Facebook’s friend algorithm is poorly designed, and to a degree that this blogger finds consistently annoying. Really, it’s not just the algorithm that tells you that you’re “friending” people you don’t know, when you do know them, it’s the very website which prompts you to ‘friend’ the same people the system then says you don’t know.
The latest incarnation of this problem happened today while I was using my Facebook iPhone app. The app showed 19 people who were in my iPhone’s contacts area, which means I have their cell phone numbers, and then on the same page invited me to add all of them, or some selected number of them, as Facebook friends. So, I picked about 11 of the total number, and pressed “add.”
About just less than an hour later, and as I was logging back in to Facebook, I was unceremoniously greeted with a page telling me that my account was in some kind of penalty because I was trying to ‘friend’ people that I had few friends in common with. The next option I was presented with, was to take off the pending friend requests the system had asked me to add to start with. In a way, the page casted me as the guilty party when I clicked on it, and even though the Facebook system is the real culprit.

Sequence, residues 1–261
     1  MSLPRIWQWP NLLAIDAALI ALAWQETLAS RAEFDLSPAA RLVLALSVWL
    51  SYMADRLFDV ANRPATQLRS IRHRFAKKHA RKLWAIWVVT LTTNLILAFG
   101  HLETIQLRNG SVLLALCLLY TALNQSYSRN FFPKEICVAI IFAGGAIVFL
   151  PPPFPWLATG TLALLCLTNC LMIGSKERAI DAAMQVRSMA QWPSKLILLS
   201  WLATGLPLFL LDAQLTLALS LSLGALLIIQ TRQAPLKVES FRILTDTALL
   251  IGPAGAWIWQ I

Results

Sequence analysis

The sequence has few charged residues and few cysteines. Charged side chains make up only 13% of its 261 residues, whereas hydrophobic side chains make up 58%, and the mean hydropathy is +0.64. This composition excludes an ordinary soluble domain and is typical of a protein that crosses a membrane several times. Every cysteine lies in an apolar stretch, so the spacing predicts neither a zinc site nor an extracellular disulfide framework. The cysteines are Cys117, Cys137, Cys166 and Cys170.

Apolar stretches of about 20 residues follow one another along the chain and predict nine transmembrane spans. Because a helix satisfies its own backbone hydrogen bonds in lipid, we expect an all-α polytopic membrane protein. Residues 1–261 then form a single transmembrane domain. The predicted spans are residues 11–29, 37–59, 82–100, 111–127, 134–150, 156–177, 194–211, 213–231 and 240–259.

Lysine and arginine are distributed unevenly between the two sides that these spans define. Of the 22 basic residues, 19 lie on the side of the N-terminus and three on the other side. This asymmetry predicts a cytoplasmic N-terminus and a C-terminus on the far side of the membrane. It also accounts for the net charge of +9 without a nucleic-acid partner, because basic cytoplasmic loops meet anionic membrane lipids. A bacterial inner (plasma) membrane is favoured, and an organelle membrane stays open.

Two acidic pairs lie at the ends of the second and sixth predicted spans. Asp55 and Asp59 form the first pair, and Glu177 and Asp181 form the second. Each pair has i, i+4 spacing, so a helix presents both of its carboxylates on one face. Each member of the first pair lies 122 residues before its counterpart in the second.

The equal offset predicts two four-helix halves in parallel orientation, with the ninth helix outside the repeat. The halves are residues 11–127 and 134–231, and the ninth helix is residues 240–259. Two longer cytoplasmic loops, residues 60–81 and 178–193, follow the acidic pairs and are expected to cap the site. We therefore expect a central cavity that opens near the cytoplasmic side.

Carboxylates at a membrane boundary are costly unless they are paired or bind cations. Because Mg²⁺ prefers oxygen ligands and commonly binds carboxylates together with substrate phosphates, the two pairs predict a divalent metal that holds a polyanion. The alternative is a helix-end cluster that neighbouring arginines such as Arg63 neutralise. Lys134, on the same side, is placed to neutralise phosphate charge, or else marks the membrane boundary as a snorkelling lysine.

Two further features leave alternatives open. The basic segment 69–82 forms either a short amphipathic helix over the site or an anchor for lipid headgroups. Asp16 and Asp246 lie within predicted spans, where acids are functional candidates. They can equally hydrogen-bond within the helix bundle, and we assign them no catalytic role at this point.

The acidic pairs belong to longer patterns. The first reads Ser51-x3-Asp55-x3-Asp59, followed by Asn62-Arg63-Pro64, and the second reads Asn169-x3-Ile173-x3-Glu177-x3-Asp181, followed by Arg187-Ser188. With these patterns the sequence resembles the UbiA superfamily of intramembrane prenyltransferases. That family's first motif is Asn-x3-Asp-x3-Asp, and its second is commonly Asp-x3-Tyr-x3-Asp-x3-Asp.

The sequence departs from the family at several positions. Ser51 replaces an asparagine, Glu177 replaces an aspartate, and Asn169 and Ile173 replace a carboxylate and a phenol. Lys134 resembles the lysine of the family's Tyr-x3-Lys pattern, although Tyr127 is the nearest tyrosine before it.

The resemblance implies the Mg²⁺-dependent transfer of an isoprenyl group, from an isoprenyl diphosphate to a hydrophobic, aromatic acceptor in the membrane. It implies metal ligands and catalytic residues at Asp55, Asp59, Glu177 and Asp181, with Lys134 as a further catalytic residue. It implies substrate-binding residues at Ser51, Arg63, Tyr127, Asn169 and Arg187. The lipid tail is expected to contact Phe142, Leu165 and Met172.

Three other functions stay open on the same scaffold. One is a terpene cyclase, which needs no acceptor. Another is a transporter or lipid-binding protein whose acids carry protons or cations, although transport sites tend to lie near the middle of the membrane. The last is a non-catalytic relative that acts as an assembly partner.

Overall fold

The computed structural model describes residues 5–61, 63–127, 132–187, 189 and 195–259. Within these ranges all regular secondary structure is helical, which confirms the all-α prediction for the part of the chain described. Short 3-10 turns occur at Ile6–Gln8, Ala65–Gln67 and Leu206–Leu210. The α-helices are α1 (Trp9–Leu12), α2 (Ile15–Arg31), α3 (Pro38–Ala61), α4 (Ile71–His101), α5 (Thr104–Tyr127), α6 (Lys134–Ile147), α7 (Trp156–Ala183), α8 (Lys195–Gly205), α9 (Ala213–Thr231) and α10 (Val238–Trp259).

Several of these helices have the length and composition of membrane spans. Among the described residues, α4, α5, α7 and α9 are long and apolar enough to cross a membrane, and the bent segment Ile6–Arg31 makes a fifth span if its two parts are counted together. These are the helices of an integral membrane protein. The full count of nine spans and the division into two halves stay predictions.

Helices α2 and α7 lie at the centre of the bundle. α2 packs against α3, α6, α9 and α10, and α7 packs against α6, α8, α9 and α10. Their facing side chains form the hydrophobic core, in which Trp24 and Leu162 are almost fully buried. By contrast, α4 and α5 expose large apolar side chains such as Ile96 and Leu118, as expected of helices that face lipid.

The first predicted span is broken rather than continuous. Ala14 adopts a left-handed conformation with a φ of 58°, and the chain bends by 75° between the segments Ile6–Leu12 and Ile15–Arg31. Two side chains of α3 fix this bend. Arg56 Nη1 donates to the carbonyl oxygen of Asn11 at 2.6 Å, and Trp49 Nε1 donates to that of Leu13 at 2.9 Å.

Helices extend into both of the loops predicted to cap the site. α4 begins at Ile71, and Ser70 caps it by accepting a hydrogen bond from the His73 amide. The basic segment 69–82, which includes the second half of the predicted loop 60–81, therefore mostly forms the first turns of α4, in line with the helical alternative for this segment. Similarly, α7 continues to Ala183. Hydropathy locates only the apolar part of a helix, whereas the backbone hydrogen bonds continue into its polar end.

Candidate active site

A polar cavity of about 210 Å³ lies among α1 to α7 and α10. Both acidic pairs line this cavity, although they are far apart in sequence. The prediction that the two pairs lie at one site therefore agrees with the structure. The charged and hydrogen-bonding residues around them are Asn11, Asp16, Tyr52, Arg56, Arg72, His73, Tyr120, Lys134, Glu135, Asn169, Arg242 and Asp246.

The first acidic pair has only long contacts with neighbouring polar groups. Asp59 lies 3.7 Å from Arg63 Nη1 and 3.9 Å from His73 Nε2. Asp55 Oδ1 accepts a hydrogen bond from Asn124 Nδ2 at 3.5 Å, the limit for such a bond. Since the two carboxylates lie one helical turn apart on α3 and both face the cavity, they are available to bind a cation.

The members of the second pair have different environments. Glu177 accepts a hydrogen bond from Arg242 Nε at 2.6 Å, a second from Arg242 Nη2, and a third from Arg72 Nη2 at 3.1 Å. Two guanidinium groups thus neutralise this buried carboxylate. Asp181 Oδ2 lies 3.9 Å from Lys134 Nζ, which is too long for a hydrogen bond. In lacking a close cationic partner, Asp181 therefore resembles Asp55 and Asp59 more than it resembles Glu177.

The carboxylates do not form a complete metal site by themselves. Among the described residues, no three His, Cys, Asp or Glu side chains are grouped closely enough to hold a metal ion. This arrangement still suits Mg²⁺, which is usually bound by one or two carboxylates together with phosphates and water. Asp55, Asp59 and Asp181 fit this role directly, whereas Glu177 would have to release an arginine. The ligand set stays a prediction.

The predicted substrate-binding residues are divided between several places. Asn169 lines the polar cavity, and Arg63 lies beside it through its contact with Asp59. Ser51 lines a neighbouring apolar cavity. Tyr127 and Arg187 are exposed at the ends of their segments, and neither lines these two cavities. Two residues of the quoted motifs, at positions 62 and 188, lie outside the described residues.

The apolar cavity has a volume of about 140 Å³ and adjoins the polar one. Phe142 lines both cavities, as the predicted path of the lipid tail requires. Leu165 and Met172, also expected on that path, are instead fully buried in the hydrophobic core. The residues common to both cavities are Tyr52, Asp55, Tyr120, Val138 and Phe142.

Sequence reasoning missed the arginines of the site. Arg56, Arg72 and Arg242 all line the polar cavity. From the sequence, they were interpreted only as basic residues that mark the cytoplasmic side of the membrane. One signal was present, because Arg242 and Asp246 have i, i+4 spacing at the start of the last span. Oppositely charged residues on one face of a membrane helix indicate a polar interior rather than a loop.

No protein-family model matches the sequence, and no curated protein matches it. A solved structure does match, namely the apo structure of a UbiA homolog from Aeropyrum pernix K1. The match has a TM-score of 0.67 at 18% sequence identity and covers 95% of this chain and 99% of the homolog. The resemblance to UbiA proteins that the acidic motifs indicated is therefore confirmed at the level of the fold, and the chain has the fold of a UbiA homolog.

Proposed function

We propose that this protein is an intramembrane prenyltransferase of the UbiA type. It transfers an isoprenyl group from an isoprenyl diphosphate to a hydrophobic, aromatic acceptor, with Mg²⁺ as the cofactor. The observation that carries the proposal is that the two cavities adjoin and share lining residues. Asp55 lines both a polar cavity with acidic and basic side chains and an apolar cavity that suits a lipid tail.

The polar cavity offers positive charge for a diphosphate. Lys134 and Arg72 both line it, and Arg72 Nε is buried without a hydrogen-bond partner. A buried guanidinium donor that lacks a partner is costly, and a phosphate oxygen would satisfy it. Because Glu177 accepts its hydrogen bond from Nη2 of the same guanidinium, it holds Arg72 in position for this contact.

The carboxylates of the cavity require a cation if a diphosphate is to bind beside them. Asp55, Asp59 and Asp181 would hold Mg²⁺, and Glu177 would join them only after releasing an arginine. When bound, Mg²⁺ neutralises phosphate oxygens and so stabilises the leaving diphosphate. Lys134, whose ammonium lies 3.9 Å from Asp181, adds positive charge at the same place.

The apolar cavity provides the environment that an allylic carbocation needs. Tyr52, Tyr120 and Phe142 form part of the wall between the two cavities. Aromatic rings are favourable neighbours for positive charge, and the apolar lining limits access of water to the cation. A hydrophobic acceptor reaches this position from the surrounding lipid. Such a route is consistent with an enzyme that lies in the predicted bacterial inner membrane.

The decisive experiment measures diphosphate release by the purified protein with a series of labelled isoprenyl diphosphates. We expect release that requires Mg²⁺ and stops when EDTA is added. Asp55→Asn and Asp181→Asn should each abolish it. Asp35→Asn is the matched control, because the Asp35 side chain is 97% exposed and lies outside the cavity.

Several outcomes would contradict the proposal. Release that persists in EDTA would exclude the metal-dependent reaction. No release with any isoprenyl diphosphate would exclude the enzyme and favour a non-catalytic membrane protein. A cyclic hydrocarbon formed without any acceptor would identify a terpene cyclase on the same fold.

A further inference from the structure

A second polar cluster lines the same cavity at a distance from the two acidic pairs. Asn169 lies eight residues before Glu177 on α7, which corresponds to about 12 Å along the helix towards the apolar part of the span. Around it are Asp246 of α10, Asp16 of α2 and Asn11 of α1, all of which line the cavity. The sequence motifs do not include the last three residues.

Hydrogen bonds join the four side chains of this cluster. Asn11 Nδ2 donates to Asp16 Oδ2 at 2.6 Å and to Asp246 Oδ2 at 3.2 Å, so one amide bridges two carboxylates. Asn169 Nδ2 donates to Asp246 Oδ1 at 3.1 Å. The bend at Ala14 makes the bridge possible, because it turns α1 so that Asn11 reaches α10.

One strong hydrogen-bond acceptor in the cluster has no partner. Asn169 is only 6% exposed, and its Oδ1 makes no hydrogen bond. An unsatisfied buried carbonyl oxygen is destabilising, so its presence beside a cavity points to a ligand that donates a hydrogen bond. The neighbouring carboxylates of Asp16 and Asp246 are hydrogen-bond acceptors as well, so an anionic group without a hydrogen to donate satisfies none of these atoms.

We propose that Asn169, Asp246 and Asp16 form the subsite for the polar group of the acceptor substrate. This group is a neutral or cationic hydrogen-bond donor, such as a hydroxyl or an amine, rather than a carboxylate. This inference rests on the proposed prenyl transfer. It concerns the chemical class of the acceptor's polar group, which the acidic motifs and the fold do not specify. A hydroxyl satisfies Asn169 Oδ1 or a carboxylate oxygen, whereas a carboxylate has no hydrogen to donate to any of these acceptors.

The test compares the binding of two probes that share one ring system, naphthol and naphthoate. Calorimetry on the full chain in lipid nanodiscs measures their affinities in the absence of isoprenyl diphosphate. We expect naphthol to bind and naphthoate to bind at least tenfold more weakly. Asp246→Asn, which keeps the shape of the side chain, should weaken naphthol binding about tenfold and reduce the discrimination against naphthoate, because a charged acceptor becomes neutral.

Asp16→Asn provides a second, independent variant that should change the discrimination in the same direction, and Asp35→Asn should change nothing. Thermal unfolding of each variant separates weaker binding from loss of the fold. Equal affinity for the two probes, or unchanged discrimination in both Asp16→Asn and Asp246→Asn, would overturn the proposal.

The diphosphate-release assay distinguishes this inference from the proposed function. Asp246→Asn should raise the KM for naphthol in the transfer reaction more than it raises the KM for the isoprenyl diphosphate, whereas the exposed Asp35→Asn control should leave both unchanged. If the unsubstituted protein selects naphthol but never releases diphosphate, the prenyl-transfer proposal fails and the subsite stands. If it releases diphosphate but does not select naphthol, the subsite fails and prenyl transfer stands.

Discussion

That’s crazy. And it shows that, like Google, Facebook’s website system development process lacks a group of true systems thinkers, who can anticipate these problems and have the engineering teams work to eliminate them. As I wrote before, this is not the first time such a problem has happened.
The first time was during the period when Facebook had a feature that presented you with a person who it reported you shared a large number of friends with. So, I would push the link button to add that person, and after a time of this process (which did not happen every day, but periodically), I would get a message that I was trying to friend people I had few friends in common with.
The system was so illogical in its operation that I eventually learned to ignore its request to add someone, even if I had, say 40 Facebook friends in common with them.
Then, it was eliminated with the introduction of the Facebook Timeline.
But now the same problem is back, in a slightly different way. Facebook needs to repair this problem once and for all; if the system is going to invite the user to add friends, then any warning algorithm should be deactivated when that process is used. Period, and no exceptions.